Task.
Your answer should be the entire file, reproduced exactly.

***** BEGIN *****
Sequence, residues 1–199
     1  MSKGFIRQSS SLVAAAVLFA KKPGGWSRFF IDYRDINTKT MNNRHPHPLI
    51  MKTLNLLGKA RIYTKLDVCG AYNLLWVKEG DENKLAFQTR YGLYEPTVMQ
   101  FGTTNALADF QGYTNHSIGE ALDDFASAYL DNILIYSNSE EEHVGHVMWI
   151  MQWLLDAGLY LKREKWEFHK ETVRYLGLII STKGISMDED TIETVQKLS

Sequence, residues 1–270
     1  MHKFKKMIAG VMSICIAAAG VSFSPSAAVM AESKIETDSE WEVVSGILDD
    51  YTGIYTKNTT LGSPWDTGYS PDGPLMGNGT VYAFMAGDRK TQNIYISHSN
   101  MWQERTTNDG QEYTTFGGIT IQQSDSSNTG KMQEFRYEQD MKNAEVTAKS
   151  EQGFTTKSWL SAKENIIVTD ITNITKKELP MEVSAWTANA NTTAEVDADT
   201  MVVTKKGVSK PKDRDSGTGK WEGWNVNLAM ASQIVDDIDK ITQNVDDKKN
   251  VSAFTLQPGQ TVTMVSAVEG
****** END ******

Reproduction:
Sequence, residues 1–199
     1  MSKGFIRQSS SLVAAAVLFA KKPGGWSRFF IDYRDINTKT MNNRHPHPLI
    51  MKTLNLLGKA RIYTKLDVCG AYNLLWVKEG DENKLAFQTR YGLYEPTVMQ
   101  FGTTNALADF QGYTNHSIGE ALDDFASAYL DNILIYSNSE EEHVGHVMWI
   151  MQWLLDAGLY LKREKWEFHK ETVRYLGLII STKGISMDED TIETVQKLS

Sequence, residues 1–270
     1  MHKFKKMIAG VMSICIAAAG VSFSPSAAVM AESKIETDSE WEVVSGILDD
    51  YTGIYTKNTT LGSPWDTGYS PDGPLMGNGT VYAFMAGDRK TQNIYISHSN
   101  MWQERTTNDG QEYTTFGGIT IQQSDSSNTG KMQEFRYEQD MKNAEVTAKS
   151  EQGFTTKSWL SAKENIIVTD ITNITKKELP MEVSAWTANA NTTAEVDADT
   201  MVVTKKGVSK PKDRDSGTGK WEGWNVNLAM ASQIVDDIDK ITQNVDDKKN
   251  VSAFTLQPGQ TVTMVSAVEG